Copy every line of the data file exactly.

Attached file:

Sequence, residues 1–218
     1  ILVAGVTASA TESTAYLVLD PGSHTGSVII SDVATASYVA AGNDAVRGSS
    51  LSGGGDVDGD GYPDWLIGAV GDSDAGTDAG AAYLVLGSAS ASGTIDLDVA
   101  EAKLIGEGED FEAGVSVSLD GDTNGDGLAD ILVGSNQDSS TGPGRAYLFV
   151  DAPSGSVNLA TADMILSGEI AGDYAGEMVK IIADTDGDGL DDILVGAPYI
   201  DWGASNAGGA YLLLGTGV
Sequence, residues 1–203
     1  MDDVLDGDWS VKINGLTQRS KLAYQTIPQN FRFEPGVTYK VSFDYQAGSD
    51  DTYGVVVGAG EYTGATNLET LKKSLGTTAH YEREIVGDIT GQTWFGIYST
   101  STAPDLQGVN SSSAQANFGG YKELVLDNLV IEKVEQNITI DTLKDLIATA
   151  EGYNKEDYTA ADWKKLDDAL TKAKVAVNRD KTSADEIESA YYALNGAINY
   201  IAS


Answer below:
Sequence, residues 1–218
     1  ILVAGVTASA TESTAYLVLD PGSHTGSVII SDVATASYVA AGNDAVRGSS
    51  LSGGGDVDGD GYPDWLIGAV GDSDAGTDAG AAYLVLGSAS ASGTIDLDVA
   101  EAKLIGEGED FEAGVSVSLD GDTNGDGLAD ILVGSNQDSS TGPGRAYLFV
   151  DAPSGSVNLA TADMILSGEI AGDYAGEMVK IIADTDGDGL DDILVGAPYI
   201  DWGASNAGGA YLLLGTGV
Sequence, residues 1–203
     1  MDDVLDGDWS VKINGLTQRS KLAYQTIPQN FRFEPGVTYK VSFDYQAGSD
    51  DTYGVVVGAG EYTGATNLET LKKSLGTTAH YEREIVGDIT GQTWFGIYST
   101  STAPDLQGVN SSSAQANFGG YKELVLDNLV IEKVEQNITI DTLKDLIATA
   151  EGYNKEDYTA ADWKKLDDAL TKAKVAVNRD KTSADEIESA YYALNGAINY
   201  IAS